Finding our way through the narrow streets of central Jerusalem.
Finding our way through the narrow streets of central Jerusalem.
Street sign featuring Saint George and the dragon.
Street sign featuring Saint George and the dragon.
The modern Via Dolorosa...
The modern Via Dolorosa…

Finally, after a military checkpoint, we were allowed to go up to the plaza near the Western or Wailing Wall. It is part of the original Second Jewish Temple, built by Herod The Great in the first century BCE against the Temple Mount. The Western Wall is considered holy due to its connection to this Temple Mount, which is the holiest site in Jewish faith. However, due to the drastic entry restrictions to the Mount, the Wailing Wall has become the holiest place where Jews are permitted to pray. The part of the wall exclusive to men is strictly separated from the part restricted for women.

The Wailing Wall at the foot of the Temple Mount.
The Wailing Wall at the foot of the Temple Mount.
Prayer...
Prayer…

Another checkpoint (and a very strict one we must add: we were not even allowed to bring the candle we bought for Maarten’s parents to the Mount, even though it was well-hidden in our backpack. Regulations say: “No religious items on the Mount”) and a winding wooden bridge took us up to the Temple Mount. It was 2PM, but due to an Islamic holiday coming up the next days, the Mount was to be closed off for the public around 2.30PM. So we had half an hour for a quick glance up the mountain, before we were firmly asked to leave the site. We passed the impressive Al-Aqsa Mosque on the right (the third holiest site in Islam), and headed for the even more impressive Dome of the Rock with its golden roof and delicate mosaics. The latter shrine is one of the oldest examples of Islamic architeture in the world. Adjacent to the Dome of the Rock stands the blue Dome of the Chain, an old prayer house and even though it is literally in the shadow of the bigger dome, it struck me because of its elegant structure. For me, the beauty of the Temple Mount lies not only in the extravangance of the Dome of the Rock, but more in the combination with the smaller structures on top of the mount. And the view on Jerusalem!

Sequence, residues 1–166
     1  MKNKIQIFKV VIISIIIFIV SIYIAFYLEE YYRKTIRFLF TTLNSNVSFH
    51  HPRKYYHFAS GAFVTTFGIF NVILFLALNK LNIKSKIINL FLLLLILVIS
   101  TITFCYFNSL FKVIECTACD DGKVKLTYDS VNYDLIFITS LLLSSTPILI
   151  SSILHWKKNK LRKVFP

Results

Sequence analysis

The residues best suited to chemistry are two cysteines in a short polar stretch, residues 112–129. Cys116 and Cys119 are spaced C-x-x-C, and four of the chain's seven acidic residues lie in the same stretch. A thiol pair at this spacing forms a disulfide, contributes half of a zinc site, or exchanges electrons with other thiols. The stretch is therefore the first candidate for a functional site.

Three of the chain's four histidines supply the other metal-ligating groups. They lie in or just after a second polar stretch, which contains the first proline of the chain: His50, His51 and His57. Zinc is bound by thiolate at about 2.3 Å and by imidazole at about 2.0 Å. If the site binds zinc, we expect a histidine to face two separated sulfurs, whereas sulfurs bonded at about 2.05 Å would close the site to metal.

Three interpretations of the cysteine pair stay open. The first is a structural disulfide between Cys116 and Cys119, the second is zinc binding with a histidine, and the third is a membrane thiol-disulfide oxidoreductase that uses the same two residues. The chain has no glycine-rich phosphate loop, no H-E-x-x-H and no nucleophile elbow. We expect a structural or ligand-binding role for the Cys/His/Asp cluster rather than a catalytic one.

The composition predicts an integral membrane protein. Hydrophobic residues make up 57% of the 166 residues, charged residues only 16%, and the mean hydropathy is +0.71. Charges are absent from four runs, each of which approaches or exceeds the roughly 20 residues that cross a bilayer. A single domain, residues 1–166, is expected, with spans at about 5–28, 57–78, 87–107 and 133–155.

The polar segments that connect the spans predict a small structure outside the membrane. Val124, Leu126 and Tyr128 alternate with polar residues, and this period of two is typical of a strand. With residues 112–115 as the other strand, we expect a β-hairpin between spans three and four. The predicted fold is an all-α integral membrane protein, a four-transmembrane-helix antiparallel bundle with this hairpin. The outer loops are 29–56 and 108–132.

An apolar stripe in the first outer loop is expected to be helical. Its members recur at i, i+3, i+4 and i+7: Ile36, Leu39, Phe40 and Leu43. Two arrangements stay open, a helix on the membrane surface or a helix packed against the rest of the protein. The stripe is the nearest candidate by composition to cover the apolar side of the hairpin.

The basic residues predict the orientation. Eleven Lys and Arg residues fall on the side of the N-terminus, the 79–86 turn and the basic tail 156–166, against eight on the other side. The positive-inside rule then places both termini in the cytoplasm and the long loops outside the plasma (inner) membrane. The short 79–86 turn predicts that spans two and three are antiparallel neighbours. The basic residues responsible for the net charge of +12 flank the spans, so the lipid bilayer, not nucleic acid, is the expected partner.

The wooden bridge.
The wooden bridge.
Passing the Al-Aqsa Mosque.
Passing the Al-Aqsa Mosque.
Climbing the stairs up to the Dome of the Rock.
Climbing the stairs up to the Dome of the Rock.
In front of the Dome of the Rock.
In front of the Dome of the Rock.
Dome of the Rock in the sun (2007).
Dome of the Rock in the sun (2007).
Dome of the Rock: detail of the mosaics.
Dome of the Rock: detail of the mosaics.
Dome of the Chain.
Dome of the Chain.
On top of the Temple Mount.
On top of the Temple Mount.
Another detail.
Another detail.

With all that glamour and so much different impressions in one day, we decided to let it all sink in and head back to the Jaffa Gate. We exited the city through the Dung Gate, where we had a nice view on the Mount of Olives, an impressive Jewish cemetery and another important biblical site. We then followed the city walls up to the Jaffa Gate and said goodbye to Jerusalem.

View from the Mount of Olives (2007).
View from the Mount of Olives (2007).
The city wall and the bell tower of the Church of the Dormition.
The city wall and the bell tower of the Church of the Dormition.

Conclusion: one day in Jerusalem is not enough to get an idea of all the beauty it contains, but it definitely left quite an impression. If we ever come back, we might focus more on lesser known sites (e.g. on the Mount of Olives), away from the busy centre.

One last tip: after leaving Jerusalem we drove to the beach for an evening stroll in tranquility. Highly recommended!

Relaxation.
Relaxation.

 


Old City of Jerusalem and its Walls (nr. 148)

Jerusalem is a holy city for Judaism, Christianity and Islam. The most important spots are the Temple Mount with the Dome of the Rock, considered to be the site of Abraham’s sacrifice, the Wailing Wall, a place of prayer for Jews and the Church of the Holy Sepulchre with the tomb of Jesus and the exact location of Golgotha. 


 

Leave a Reply

Your email address will not be published. Required fields are marked *